Posted by: Kerry Gans | October 31, 2013

Top Picks Thursday 10-31-2013

Happy Halloween! And to get you in the mood: 10 novels that will scare the hell out of you.

Nobel Laureate Alice Munro contemplates coming out of retirement, and the late Seamus Heaney’s last poem has been published.

Book awards! The 5 finalists for the 2013 National Book Award are announced; YALSA’s Teen Top 10 are announced; and Teen Librarian Toolbox has a fascinating look at a statistical profile of today’s diverse teens.

Second Time Around Used Books is keeping literature alive in a California town; MENSA’s Top Ten Banned Books; and Porter Anderson takes a look at the future with “webby” books.


Are you ready for the NaNoWriMo marathon? Jo Malby provides links, resources, and articles for NaNoWriMo prep. On the other end of the spectrum, is flash fiction. Maryann Yin looks at how Twitter has shaped storytelling, and how Jennifer Egan, Elliott Holt, and others have used the new medium.

Since pretty much every plot idea has been written before, it’s sometimes hard to keep things feeling original. Janice Hardy tells us how to keep goals and motivations fresh, while Meg Gardiner gives tips for writing good chase scenes.

Jami Gold shows us how to avoid a sagging middle in our stories, and Kristen Lamb explains how to deliver that knockout ending.

As writers, we are always learning. Margi Preus shares 9 things we can learn from other writers, while Robin Wasserman examines why Stephen King novels hold such fascination for the YA crowd even though they are not YA.
Productivity is key to success in today’s market. Alythia Brown tells us how to beat writer’s block by clearing the chaos in our lives; Julia Gifford proves that standing desks create better productivity; and K.M. Weiland shares 3 signs that it’s time to give up on our story.

Take a peek into the lives of writers who actually live off of their writing. Chuck Wendig shares the joy and fear of being the sole breadwinner as a writer, while Lionel Shriver shows us the hectic promotional calendar that comes with success—and leaves little time for writing.

So much of writing success is mental fortitude. Leila Austin talks about dealing with the gap between what’s in our heads and what we actually write; Antony Johnston brings home the importance of finishing what you start; Kate Brauning discusses whether you should self-publish that first manuscript or move on; and Dr. Noa Kageyama shows us how to compare ourselves to other people without getting depressed.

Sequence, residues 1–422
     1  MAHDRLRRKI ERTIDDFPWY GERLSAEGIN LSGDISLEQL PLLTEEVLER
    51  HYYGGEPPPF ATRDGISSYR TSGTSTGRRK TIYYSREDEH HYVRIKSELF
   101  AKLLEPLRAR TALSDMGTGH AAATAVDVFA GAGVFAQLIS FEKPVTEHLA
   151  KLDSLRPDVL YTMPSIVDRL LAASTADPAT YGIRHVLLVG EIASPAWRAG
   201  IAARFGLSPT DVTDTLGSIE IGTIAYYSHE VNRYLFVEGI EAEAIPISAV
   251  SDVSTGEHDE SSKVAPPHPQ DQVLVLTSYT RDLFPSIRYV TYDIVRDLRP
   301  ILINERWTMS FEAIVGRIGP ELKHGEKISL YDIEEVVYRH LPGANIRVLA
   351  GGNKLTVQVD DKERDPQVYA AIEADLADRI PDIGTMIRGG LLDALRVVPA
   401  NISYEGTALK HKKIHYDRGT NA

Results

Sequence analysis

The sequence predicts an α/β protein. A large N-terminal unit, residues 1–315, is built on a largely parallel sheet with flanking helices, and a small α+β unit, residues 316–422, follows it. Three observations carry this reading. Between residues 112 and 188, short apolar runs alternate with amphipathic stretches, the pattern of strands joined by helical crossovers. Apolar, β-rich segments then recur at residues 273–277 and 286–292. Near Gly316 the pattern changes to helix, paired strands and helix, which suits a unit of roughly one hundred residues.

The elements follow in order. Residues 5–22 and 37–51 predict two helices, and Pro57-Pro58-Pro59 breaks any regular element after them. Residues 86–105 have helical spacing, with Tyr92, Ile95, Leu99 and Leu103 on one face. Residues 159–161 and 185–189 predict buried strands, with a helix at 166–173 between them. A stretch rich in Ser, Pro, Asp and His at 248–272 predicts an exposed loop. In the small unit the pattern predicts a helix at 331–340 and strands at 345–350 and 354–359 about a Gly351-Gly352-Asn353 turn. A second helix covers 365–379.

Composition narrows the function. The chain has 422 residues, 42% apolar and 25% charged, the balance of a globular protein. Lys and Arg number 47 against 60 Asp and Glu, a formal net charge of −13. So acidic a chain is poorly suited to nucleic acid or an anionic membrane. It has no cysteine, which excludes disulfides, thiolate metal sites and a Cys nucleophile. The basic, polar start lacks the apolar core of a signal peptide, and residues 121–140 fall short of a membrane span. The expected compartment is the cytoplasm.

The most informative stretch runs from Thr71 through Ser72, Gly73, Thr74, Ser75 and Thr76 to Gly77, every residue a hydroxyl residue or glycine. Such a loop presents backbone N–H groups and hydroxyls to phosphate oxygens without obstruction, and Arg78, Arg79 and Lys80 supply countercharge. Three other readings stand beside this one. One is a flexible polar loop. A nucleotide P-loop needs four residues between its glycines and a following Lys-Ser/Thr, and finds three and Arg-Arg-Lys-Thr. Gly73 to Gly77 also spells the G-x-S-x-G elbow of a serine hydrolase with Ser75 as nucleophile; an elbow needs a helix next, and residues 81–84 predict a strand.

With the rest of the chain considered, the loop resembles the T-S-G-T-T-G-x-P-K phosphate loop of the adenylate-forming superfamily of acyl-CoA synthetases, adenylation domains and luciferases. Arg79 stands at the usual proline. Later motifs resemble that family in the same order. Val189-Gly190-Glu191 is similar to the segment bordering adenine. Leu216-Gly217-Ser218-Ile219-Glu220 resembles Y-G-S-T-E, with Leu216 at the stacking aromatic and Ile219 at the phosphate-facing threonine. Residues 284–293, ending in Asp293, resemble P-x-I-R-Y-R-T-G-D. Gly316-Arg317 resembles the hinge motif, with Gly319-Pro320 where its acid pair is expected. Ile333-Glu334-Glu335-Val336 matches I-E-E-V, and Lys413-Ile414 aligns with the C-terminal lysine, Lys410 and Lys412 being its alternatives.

Really, what it comes down to is commitment. Kristi Holl lists 3 questions you must say yes to in order to really be a committed writer, and Harold Underdown shares the daunting odds of getting published—and why we shouldn’t care.

The sea change that is digital continues to give rise to new opportunities. First, there are independent ebook sellers; second, you have book packagers and literary development companies; and third, there are now ebook subscription services. But it’s not all digital: in France, a law could keep Amazon at bay and help keep their independent bookstores thriving.

Agent Janet Reid answers the question “how good is good enough?” for your submitted manuscript. Juliet Mushens of The Agency Group has dos and don’ts for submitting to agents. And Connor Goldsmith of Lowenstein Associates seeks sci-fi, fantasy, thrillers, LGBT, literary fiction, and non-fiction.


Meet 10 of the most powerful female characters in literature.

Also meet 20 books that are almost impossible to adapt.

If you are researching old London (or just love history), wander down Pudding Lane in this virtual version of 17th century London before the Great Fire, made by university students.

What did people do to take notes before paper was ubiquitous and cheap? They used a Medieval iPad! This one also happens to be a thousand-year-old time capsule.

That’s all for this week–and for October! Have safe and fun Trick or Treating, everyone!

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